Working with Loops and Conditional Statements in Python
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Welcome to this Python tutorial, where we’ll explore two of the most fundamental programming concepts: loops and conditional statements. Familiarizing yourself with these elements is crucial to developing your Python skills and understanding how different program flows work.
Conditional statements in Python are used to make decisions based on certain conditions. The program checks if a specific condition is met and decides the next course of action. The key statements used are `if`, `else`, and `elif`.
The If Statement
In Python, an `if` statement is written as follows:
if condition: # code to execute if the condition is true
For instance, consider a program that checks if a number is greater than 10:
num = 15 if num > 10: print("The number is greater than 10")
The If-Else Statement
The `else` statement is used alongside the `if` statement. It defines what the program should do if the condition in the `if` statement is not met.
if condition: # code to execute if the condition is true else: # code to execute if the condition is false
Using our previous example, we can add an `else` clause:
num = 7 if num > 10: print("The number is greater than 10") else: print("The number is not greater than 10")
The Elif Statement
The `elif` statement (short for “else if”) allows us to check multiple conditions. It follows the `if` or another `elif` statement:
if condition1: # code to execute if condition1 is true elif condition2: # code to execute if condition2 is true else: # code to execute if neither condition1 nor condition2 is true
num = 10 if num > 10: print("The number is greater than 10") elif num == 10: print("The number is exactly 10") else: print("The number is less than 10")
Loops in Python allow us to execute a block of code multiple times, depending on the condition set. Python has two types of loops: `for` and `while`.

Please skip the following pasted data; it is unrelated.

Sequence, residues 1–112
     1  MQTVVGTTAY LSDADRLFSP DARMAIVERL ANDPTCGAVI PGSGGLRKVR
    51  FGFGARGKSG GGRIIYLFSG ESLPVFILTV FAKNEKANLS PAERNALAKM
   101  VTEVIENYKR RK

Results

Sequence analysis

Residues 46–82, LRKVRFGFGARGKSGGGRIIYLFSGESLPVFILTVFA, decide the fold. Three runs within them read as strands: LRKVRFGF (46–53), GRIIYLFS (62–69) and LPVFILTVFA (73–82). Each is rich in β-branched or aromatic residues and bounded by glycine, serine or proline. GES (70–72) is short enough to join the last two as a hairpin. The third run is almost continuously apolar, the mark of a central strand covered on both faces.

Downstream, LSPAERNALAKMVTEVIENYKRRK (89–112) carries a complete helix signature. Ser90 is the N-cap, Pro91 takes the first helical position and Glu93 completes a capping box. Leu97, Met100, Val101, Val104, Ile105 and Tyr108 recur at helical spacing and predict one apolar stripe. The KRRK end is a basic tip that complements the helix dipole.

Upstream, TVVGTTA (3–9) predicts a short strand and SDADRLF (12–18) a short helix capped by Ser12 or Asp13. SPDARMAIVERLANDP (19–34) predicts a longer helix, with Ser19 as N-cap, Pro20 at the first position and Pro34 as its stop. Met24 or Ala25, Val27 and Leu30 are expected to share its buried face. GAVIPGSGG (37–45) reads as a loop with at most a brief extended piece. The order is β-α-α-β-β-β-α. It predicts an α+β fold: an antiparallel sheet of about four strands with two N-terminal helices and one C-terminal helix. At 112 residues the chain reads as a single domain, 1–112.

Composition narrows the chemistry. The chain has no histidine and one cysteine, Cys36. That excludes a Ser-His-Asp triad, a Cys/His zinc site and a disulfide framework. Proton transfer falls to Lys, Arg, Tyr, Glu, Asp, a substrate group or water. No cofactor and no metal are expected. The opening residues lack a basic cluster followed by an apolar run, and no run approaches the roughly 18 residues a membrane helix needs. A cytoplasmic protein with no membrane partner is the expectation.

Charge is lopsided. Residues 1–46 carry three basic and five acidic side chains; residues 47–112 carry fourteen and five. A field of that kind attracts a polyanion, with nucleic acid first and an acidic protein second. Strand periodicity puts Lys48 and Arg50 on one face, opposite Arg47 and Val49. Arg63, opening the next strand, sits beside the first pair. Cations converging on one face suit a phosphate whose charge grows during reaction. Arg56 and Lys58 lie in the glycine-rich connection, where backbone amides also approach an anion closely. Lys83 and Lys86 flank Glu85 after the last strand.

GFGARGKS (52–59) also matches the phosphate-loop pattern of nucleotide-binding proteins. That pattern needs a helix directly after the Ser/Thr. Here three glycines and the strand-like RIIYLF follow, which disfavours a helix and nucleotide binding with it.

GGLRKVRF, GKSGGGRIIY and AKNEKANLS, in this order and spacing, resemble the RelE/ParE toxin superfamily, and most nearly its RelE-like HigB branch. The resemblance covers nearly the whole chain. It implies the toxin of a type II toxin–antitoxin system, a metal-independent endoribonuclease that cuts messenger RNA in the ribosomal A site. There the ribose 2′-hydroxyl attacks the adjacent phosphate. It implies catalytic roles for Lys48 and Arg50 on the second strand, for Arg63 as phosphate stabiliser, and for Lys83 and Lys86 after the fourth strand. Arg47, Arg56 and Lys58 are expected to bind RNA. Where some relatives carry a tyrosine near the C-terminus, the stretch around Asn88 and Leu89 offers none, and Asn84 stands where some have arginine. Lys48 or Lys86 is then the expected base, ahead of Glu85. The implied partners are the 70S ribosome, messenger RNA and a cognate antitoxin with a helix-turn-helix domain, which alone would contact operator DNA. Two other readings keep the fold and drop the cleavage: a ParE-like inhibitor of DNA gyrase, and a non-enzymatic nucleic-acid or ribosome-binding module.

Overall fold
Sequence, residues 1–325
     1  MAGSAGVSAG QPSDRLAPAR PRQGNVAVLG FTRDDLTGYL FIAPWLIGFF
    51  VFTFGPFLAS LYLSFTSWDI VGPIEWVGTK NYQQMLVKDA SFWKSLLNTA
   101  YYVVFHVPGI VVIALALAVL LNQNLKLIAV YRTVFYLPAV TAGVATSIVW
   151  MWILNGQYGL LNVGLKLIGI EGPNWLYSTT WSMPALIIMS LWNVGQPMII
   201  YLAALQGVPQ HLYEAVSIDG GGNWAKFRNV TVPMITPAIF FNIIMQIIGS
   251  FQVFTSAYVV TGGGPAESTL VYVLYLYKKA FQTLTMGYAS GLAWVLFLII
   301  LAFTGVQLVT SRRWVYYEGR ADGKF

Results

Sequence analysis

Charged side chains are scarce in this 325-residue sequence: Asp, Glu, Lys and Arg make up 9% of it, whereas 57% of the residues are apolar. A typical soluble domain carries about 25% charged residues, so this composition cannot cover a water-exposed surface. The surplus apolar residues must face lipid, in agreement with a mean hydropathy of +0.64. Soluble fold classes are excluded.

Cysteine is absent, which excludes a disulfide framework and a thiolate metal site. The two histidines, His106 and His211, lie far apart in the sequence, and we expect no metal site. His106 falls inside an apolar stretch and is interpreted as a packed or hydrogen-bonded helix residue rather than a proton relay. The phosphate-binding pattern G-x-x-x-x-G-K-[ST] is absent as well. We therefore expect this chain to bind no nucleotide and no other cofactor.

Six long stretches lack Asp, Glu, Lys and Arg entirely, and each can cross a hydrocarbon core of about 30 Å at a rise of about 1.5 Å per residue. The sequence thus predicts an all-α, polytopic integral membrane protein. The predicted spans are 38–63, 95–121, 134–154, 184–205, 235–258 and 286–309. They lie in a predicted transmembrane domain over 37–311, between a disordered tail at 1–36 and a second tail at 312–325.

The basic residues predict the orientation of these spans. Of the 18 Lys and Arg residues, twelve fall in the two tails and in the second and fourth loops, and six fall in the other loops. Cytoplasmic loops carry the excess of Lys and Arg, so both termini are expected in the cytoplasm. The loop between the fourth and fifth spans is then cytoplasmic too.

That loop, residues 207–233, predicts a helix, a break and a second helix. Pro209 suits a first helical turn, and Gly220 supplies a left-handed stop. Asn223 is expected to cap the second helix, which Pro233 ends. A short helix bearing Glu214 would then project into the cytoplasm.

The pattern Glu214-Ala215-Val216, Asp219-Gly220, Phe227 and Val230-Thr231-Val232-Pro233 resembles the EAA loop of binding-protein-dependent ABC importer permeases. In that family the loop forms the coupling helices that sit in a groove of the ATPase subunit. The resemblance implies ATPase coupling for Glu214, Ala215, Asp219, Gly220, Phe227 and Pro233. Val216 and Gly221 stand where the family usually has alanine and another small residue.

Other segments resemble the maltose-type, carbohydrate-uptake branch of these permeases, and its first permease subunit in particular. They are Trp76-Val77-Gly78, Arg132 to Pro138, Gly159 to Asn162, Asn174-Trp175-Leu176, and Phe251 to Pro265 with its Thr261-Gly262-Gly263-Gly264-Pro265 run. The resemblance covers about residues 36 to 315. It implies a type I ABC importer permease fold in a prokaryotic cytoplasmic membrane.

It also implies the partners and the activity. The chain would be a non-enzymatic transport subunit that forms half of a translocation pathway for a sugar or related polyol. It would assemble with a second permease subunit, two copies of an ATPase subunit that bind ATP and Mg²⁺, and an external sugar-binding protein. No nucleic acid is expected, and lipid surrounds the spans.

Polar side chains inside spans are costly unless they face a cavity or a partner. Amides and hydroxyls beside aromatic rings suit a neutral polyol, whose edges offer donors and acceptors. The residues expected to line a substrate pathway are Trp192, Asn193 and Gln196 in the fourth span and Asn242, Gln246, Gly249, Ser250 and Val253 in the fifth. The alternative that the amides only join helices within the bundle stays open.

The For Loop
A `for` loop in Python is used for iterating over a sequence (like a list, tuple, dictionary, string, or a set) or other iterable objects.
for value in sequence: # code to execute for each value
For example, here is a loop that iterates over a list of numbers:
numbers = [1, 2, 3, 4, 5] for num in numbers: print(num)
The While Loop
The `while` loop in Python is used to iterate over a block of code as long as the condition is true.
while condition: # code to execute while the condition is true
For example, here is a loop that prints numbers from 1 to 5:
num = 1 while num <= 5: print(num) num += 1
Break and Continue
Sometimes, you might need to change the course of your loop, depending on a certain condition. That’s where `break` and `continue` come in.
– `break`: Stops the loop entirely and executes the next block of code.
for num in range(1, 11): if num == 6: break print(num)
This loop will print numbers from 1 to 5, but it stops before printing 6 because of the `break` statement.
– `continue`: Skips the current iteration and moves to the next.
for num in range(1, 11): if num == 6: continue print(num)
This loop will print numbers from 1 to 10, but it skips 6 due to the `continue` statement.
Understanding loops and conditional statements is foundational to becoming proficient in Python. These concepts allow us to control how and when certain pieces of code are executed, making our programs more efficient and powerful. Happy coding!